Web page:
Active research in neuroprotection, neuroregeneration, and sustained drug delivery is expected to lead to better options for management of glaucoma.
Take-home message: Active research in neuroprotection, neuroregeneration, and sustained drug delivery is expected to lead to better options for management of glaucoma.
By Cheryl Guttman Krader; Reviewed by Christopher A. Girkin, MD, MSPH, and Harry A. Quigley, MD
Though neuroprotective and neuroregenerative treatments will be part of glaucoma management in the future, IOP-lowering therapies will continue to have an important role, according to two glaucoma specialists.
“Neuroprotection for glaucoma is coming, and it is matter of when it will happen, not if,” said Harry A. Quigley, MD, director, Glaucoma Center for Excellence, and A. Edward Maumenee Professor of Ophthalmology, Wilmer Eye Institute, Johns Hopkins University School of Medicine, Baltimore.
Noting that IOP lowering itself can be neuroprotective, Dr. Quigley predicted that products based on sustained delivery of currently available IOP-lowering medications will likely become available sooner than any neuroprotective medications with novel mechanisms of action.
He also anticipated the eventual availability of neuoregenerative approaches for glaucoma management, noting that ideally, however, glaucomatous damage will be prevented rather than need fixing.
Dr. Quigley pointed out that there are a variety of factors limiting neuroprotective benefit with use of topical IOP-lowering medications. Of those, inadequate patient adherence and treatment-related side effects are two issues that could be overcome with sustained drug delivery, which would eliminate the need for drop administration and expose the eye to a safer, lower concentration of medication.
Sustained delivery also offers an opportunity to use medications that are not currently amenable for topical therapy because of their potential corneal toxicity.
Aside from sustained delivery formulations of IOP-lowering drugs, Dr. Quigley suggested there may be neuroprotective agents for glaucoma in the not-too-distant future acting by a variety of other mechanisms. Research to date includes studies of treatments aiming to prevent injury to the retinal ganglion cell (RGC) body or axon, modulate connective tissue in the sclera and lamina cribrosa, improve autoregulation of blood flow, and mitigate glial cell cytokine release.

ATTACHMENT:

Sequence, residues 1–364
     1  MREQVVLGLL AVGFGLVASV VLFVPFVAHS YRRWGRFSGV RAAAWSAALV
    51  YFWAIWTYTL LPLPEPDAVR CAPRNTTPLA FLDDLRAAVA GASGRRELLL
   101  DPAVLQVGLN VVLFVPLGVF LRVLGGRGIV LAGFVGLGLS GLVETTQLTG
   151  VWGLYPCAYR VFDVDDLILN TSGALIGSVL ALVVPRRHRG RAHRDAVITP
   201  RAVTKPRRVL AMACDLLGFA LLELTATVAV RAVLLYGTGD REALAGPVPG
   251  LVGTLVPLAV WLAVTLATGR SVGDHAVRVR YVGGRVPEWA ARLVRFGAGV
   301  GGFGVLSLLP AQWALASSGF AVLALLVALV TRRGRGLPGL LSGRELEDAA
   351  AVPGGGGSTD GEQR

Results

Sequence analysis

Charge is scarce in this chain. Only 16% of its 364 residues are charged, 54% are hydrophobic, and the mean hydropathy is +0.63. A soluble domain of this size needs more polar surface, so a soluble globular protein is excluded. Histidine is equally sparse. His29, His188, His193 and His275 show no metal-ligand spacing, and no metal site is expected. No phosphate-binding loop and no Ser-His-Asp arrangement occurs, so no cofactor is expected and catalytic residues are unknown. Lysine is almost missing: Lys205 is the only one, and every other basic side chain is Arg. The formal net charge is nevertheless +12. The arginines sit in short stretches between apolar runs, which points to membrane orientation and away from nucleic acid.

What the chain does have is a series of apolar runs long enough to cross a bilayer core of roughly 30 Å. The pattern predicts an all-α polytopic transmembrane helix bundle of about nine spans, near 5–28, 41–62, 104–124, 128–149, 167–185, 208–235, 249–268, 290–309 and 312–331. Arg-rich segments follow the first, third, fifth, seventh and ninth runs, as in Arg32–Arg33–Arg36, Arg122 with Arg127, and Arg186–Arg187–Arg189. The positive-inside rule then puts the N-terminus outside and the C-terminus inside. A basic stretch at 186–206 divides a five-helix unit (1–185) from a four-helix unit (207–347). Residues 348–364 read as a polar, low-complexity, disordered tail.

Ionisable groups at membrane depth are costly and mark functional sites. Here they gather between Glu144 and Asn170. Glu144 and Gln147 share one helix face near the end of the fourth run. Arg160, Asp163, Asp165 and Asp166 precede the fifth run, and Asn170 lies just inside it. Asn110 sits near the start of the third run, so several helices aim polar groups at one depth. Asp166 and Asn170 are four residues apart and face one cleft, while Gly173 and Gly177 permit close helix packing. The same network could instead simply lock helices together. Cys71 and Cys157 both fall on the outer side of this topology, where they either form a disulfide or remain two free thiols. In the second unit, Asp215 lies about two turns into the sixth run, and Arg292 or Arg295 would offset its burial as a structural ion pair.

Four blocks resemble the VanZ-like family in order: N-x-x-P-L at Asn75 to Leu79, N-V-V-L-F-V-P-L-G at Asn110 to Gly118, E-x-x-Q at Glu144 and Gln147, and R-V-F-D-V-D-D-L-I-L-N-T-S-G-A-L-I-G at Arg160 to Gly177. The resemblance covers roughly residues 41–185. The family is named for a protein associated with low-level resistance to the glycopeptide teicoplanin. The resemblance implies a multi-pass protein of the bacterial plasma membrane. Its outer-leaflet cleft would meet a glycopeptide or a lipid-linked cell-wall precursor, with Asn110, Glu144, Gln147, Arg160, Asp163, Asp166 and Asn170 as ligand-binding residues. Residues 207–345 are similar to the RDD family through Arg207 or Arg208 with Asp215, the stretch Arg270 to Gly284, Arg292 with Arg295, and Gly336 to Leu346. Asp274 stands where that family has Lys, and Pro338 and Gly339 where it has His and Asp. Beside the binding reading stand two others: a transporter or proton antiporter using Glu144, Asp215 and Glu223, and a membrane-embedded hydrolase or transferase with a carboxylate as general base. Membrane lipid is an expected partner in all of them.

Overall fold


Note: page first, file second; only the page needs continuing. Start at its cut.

Dr. Quigley noted that his group recently published on the use of an inhibitor of dual leucine zipper kinase (DLK), a protein that is upregulated in response to RGC axonal injury and a key mediator of RGC death. Their study, conducted in a rat glaucoma model, showed that intravitreal injection of a small molecule DLK inhibitor in a nanoparticle formulation blocked RGC death for 5 to 6 weeks.
Earlier work from Dr. Quigley’s lab showed gene therapy with brain-derived neurotrophic factor or ciliary neurotrophic factor (CNTF) protected the RGCs in a rat glaucoma model. Referring to the investigational implant of CNTF-secreting human cells (NT-501 Encapsulated Cell Therapy, Neurotech), Dr. Quigley noted that it has shown promising efficacy in early clinical research and has an advantage of being removable if there is any concern about adverse events.
He also discussed research his group has been conducting that focuses on manipulating IOP-related stress and strain in the scleral wall and lamina cribrosa as a means of protecting against RGC axonal injury.
Most recently, results of a study in a mouse model of glaucoma showed that RGC axon loss was significantly reduced in animals treated with oral losartan compared with controls treated with spironolactone or placebo. The findings were presented at the 2015 meeting of the Association for Research in Vision and Ophthalmology.
Losartan is commercially available for treating hypertension and other indications. It is an angiotensin 1 receptor inhibitor that also inhibits transforming growth factor-beta activity.
“We believe this type of treatment might be delivered locally on a chronic basis to the eye,” Dr. Quiglely said.
The ability to demonstrate efficacy of a neuroprotective agent for glaucoma in humans is difficult for a variety of reasons, including the slowly progressive nature of the disease. However, the challenge is not insurmountable, judging from a recently published randomized controlled study that demonstrated a benefit of topical prostaglandin analogue treatment for preventing visual field loss after just 2 years of follow-up.
Thus, Dr. Quigley proposed that it should also be possible to demonstrate efficacy for any of the neuroprotective approaches he mentioned in a study of reasonable size and duration.
However, he said that as keys to success, a neuroprotective treatment for glaucoma should work as upstream as possible on an important pathway to glaucomatous damage. In addition, it should be administered locally and well tolerated.
“Patients who do not yet have symptoms from glaucoma are not likely to use any treatment that has bothersome side effects,” Dr. Quigley said.